Lighting Window
Lightmap Parameters

Light Probes

Although lightmapping adds greatly to the realism of a scene, it has the disadvantage that non-static objects in the scene are less realistically rendered and can look disconnected as a result. It isn’t possible to calculate lightmapping for moving objects in real time but it is possible to get a similar effect using light probes. The idea is that the lighting is sampled at strategic points in the scene, denoted by the positions of the probes. The lighting at any position can then be approximated by interpolating between the samples taken by the nearest probes. The interpolation is fast enough to be used during gameplay and helps avoid the disconnection between the lighting of moving objects and static lightmapped objects in the scene.

Adding Light probes

The Light Probe Group component (menu: Component -> Rendering -> Light Probe Group) can be added to any available object in the scene. The inspector can be used to add new probes to the group. The probes appear in the scene as yellow spheres which can be positioned in the same manner as GameObjects. Selected probes can also be duplicated with the usual keyboard shortcut (ctrl+d/cmd+d).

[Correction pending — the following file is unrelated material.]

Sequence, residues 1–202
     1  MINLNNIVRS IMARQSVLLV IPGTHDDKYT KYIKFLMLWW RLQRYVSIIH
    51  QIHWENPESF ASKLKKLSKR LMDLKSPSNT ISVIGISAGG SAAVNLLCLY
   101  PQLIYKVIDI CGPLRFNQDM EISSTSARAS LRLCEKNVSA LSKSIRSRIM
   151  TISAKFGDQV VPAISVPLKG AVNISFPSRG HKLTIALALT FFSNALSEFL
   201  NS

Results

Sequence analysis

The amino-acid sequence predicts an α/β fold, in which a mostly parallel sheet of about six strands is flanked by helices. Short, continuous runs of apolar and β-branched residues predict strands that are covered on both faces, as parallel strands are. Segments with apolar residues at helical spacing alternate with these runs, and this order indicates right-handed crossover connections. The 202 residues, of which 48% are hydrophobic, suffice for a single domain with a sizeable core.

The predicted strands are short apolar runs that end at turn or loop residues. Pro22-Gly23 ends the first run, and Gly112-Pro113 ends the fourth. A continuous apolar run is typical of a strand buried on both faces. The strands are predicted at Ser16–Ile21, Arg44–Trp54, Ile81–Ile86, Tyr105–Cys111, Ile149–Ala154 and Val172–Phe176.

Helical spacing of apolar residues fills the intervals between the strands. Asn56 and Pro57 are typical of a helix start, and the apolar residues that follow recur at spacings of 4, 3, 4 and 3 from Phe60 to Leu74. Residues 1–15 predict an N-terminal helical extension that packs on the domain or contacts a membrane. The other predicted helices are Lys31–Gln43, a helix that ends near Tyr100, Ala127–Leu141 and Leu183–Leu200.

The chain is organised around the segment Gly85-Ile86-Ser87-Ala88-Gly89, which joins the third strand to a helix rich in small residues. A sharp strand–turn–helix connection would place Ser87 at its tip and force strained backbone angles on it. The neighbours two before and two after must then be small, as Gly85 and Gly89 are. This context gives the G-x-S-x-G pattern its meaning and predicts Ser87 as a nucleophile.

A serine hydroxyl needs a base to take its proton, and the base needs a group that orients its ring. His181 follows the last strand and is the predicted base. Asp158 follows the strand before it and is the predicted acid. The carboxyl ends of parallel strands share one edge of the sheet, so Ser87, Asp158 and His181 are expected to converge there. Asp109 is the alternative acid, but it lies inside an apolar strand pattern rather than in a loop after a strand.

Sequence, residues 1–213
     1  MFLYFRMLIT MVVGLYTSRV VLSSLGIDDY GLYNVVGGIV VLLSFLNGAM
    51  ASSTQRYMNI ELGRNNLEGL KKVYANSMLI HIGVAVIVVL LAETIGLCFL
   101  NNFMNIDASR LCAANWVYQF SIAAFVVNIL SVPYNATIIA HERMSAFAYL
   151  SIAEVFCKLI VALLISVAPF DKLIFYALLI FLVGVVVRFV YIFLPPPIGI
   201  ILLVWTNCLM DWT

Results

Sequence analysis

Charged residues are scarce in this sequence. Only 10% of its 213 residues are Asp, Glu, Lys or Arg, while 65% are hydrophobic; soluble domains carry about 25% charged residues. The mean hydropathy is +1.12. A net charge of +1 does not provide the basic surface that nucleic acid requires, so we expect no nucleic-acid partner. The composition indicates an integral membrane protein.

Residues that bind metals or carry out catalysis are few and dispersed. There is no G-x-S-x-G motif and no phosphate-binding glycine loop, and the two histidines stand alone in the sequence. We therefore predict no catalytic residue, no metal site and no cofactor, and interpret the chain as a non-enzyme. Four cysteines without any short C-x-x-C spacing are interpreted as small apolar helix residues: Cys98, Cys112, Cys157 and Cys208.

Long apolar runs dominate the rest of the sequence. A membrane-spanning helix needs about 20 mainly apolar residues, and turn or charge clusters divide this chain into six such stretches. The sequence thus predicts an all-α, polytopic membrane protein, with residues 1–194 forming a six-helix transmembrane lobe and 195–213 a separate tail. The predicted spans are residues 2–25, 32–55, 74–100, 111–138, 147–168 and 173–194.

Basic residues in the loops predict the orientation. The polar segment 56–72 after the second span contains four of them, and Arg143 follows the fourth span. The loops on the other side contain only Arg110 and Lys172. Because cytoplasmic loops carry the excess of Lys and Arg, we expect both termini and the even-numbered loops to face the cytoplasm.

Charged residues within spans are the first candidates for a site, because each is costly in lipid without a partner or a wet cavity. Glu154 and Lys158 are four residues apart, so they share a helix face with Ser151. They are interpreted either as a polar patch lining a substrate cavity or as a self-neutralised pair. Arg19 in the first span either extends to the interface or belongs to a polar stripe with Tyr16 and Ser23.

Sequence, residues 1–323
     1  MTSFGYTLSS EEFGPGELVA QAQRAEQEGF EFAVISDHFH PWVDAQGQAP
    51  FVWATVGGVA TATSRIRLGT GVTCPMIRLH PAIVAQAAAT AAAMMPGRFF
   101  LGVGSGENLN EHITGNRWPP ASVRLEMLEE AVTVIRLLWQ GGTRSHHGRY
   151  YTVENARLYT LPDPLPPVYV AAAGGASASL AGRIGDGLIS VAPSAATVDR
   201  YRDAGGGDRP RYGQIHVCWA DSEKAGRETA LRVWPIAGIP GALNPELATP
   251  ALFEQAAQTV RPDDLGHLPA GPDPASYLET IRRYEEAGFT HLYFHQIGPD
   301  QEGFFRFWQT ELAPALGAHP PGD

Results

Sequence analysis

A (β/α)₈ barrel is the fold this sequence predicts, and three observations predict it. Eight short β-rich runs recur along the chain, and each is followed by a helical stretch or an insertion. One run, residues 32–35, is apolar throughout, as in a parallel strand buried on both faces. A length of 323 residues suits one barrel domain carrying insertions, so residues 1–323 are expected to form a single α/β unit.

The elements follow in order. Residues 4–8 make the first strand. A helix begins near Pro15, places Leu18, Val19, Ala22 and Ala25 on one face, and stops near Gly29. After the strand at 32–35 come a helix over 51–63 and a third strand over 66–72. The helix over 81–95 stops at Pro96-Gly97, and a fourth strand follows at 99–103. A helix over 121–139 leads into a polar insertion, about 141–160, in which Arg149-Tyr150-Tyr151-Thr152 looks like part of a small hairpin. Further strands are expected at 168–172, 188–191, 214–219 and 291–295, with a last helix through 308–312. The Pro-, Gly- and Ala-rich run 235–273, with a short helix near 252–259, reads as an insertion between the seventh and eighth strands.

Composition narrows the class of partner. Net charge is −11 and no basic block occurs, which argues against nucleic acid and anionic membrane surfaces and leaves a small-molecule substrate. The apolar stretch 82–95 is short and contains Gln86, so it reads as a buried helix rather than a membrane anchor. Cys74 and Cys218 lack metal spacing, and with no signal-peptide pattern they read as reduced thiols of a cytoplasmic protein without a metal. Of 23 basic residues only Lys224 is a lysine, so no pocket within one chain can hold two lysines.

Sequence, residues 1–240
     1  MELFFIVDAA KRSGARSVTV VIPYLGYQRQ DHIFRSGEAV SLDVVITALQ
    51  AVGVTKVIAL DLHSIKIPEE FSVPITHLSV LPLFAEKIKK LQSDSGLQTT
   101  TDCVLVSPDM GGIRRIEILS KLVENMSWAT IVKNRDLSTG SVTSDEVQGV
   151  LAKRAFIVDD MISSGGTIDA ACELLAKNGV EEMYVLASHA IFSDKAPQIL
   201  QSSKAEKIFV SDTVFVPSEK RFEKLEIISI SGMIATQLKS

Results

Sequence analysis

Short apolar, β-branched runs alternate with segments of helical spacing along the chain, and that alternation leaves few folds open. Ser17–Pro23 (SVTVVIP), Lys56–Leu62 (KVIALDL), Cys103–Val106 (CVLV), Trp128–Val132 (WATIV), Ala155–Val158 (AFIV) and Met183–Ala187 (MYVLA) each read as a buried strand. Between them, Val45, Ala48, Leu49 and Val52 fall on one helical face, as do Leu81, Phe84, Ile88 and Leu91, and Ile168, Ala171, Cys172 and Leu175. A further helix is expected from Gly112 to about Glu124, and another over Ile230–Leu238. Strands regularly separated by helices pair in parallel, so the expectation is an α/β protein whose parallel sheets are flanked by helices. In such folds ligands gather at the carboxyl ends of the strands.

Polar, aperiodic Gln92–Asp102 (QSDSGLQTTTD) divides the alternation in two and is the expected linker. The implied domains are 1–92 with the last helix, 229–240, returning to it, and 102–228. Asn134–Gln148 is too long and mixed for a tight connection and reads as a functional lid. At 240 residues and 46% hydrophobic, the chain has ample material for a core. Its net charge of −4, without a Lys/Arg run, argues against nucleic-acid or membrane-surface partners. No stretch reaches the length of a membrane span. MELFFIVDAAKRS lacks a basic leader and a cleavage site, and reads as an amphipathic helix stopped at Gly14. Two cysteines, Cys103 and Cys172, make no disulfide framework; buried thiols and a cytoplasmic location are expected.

Choosing Light Probe positions

Remember to place probes where you want to sample light or sample darkness. The probes need to form a volume within the scene for the space subdivision to work properly.

The simplest approach to positioning is to arrange them in a regular 3D grid pattern. While this setup is simple and effective, it is likely to consume a lot of memory (each light probe is essentially a spherical, panoramic HDR image of the view from the sample point encoded using Spherical Harmonics). It is worth noting that probes are only needed for regions that players, NPCs or other dynamic objects can actually move to. Also, since lighting conditions are interpolated for positions between probes, it is not necessary to use lots of them across areas where the light doesn’t change very much. For example, a large area of uniform shadow would not need a large number of probes and neither would a brightly lit area far away from reflective objects. Probes are generally needed where the lighting conditions change abruptly, for instance at the edge of a shadow area or in places where pieces of scenery have different colors.